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dc.contributor.advisorWilliam Uricchio.en_US
dc.contributor.authorSeaver, Nicholas Patricken_US
dc.contributor.otherMassachusetts Institute of Technology. Dept. of Comparative Media Studies.en_US
dc.date.accessioned2010-10-29T13:54:10Z
dc.date.available2010-10-29T13:54:10Z
dc.date.copyright2010en_US
dc.date.issued2010en_US
dc.identifier.urihttp://hdl.handle.net/1721.1/59573
dc.descriptionThesis (S.M.)--Massachusetts Institute of Technology, Dept. of Comparative Media Studies, 2010.en_US
dc.descriptionThis electronic version was submitted by the student author. The certified thesis is available in the Institute Archives and Special Collections.en_US
dc.descriptionCataloged from student submitted PDF version of thesis.en_US
dc.descriptionIncludes bibliographical references (p. 93-97).en_US
dc.description.abstractDiscussions of music reproduction technology have generally focused on what Jonathan Sterne calls "tympanic" reproduction: the recording and playback of sounds through microphones and speakers. While tympanic reproduction has been very successful, its success has limited the ways in which music reproduction is popularly imagined and discussed. This thesis explores the history of "re-performance," an alternative mode of reproduction epitomized by the early twentieth-century player piano. It begins with a discussion of nineteenth-century piano recorders and the historical role of material representation in the production of music. It continues with the advent of player pianos in the early twentieth century that allowed users to "interpret" prerecorded material, blurring the line between performance and reproduction and inspiring popular reflection on the role of the mechanical in music. It concludes with the founding of the American Piano Company laboratory in 1924 and the establishment of a mechanically founded rhetoric of fidelity. Bookending this history is an account of a performance and recording session organized by Zenph Studios, a company that processes historical tympanic recordings to produce high-resolution data files for modern player pianos. Zenph's project appears futuristic from the perspective of tympanic reproduction, but is more readily understood in terms of the history of re-performance, suggesting a need for renewing critical attention on re-performative technologies. Contemporary developments in music reproduction such as music video games and sampling may make new sense considered in the context of re-performance. This alternative history aims to provide a ground on which such analysis could be built.en_US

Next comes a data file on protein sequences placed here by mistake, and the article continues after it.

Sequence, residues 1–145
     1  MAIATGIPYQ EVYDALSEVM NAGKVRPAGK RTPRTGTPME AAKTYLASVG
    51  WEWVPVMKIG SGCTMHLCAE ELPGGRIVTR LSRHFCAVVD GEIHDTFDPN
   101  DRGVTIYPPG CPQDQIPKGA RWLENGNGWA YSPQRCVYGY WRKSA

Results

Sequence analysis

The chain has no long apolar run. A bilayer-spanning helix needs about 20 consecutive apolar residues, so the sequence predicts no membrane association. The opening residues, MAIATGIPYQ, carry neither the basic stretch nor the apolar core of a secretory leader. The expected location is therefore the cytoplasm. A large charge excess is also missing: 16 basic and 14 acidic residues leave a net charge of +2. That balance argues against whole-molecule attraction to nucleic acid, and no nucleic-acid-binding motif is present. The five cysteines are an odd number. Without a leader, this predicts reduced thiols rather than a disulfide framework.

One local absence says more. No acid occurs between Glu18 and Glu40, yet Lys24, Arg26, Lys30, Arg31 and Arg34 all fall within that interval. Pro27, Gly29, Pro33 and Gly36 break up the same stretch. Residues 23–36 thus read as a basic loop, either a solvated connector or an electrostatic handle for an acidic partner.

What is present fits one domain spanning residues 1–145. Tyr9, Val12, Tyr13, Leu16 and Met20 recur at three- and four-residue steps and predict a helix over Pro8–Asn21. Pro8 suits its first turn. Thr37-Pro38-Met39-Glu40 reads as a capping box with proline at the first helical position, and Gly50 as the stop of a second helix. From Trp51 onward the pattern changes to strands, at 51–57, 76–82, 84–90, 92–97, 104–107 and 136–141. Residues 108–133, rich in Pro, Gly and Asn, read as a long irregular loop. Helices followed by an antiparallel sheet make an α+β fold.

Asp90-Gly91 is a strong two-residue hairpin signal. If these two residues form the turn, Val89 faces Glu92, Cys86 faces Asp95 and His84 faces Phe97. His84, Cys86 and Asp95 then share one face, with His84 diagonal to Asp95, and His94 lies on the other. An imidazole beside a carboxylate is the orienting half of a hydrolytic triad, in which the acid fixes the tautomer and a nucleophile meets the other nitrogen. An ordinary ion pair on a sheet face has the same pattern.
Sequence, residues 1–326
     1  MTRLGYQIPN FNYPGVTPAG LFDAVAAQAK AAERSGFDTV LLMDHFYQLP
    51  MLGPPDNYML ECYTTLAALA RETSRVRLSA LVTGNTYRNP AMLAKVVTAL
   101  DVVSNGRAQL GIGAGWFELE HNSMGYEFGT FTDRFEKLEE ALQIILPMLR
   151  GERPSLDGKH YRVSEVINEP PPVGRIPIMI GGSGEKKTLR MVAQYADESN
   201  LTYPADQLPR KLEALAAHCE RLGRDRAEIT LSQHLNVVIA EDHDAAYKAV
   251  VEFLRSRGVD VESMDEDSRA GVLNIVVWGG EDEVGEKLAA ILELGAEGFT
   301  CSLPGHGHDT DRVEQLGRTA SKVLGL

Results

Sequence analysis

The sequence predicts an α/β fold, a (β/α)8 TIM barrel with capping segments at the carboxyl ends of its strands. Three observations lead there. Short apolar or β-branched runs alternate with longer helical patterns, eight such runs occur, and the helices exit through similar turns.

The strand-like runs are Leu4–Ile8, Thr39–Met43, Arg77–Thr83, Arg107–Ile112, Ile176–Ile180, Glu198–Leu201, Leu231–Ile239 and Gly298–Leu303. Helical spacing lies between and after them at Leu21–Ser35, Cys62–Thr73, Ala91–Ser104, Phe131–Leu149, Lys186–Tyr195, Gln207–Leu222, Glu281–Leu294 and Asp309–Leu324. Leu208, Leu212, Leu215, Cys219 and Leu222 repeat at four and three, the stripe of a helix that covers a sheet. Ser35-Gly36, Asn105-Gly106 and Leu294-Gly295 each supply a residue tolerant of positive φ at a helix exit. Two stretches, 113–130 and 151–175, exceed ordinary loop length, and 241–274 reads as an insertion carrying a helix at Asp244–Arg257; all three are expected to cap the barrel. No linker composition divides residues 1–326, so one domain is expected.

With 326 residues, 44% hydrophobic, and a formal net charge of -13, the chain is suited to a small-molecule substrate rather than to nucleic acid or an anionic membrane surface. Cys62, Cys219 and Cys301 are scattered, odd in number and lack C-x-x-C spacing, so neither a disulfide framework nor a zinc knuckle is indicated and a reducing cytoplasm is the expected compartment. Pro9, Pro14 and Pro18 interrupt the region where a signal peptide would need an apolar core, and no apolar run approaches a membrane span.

dc.description.statementofresponsibilityby Nicholas Patrick Seaver.en_US
dc.format.extent97 p.en_US
dc.language.isoengen_US
dc.publisherMassachusetts Institute of Technologyen_US
dc.rightsM.I.T. theses are protected by copyright. They may be viewed from this source for any purpose, but reproduction or distribution in any format is prohibited without written permission. See provided URL for inquiries about permission.en_US
dc.rights.urihttp://dspace.mit.edu/handle/1721.1/7582en_US
dc.subjectComparative Media Studies.en_US
dc.titleA brief history of re-performanceen_US
dc.typeThesisen_US
dc.description.degreeS.M.en_US
dc.contributor.departmentMassachusetts Institute of Technology. Dept. of Comparative Media Studies.en_US
dc.identifier.oclc670237330en_US


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